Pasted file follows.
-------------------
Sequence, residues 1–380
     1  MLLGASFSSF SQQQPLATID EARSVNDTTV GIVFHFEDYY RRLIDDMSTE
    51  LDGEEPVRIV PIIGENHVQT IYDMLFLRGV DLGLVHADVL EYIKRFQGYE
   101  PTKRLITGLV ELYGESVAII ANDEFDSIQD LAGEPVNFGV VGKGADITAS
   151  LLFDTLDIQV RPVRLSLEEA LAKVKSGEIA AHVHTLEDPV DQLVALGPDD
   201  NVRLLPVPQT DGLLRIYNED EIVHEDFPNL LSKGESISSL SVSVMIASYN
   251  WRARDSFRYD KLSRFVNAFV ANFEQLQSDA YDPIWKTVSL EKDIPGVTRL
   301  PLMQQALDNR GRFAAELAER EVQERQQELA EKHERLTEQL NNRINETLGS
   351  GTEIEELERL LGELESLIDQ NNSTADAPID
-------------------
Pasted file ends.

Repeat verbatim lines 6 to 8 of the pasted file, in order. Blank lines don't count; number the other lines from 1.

   201  NVRLLPVPQT DGLLRIYNED EIVHEDFPNL LSKGESISSL SVSVMIASYN
   251  WRARDSFRYD KLSRFVNAFV ANFEQLQSDA YDPIWKTVSL EKDIPGVTRL
   301  PLMQQALDNR GRFAAELAER EVQERQQELA EKHERLTEQL NNRINETLGS